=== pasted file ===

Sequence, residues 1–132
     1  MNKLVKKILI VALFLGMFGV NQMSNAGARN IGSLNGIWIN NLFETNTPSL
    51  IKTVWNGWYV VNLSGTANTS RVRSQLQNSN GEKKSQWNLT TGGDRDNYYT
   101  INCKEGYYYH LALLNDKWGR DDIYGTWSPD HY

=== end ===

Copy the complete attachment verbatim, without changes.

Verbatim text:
Sequence, residues 1–132
     1  MNKLVKKILI VALFLGMFGV NQMSNAGARN IGSLNGIWIN NLFETNTPSL
    51  IKTVWNGWYV VNLSGTANTS RVRSQLQNSN GEKKSQWNLT TGGDRDNYYT
   101  INCKEGYYYH LALLNDKWGR DDIYGTWSPD HY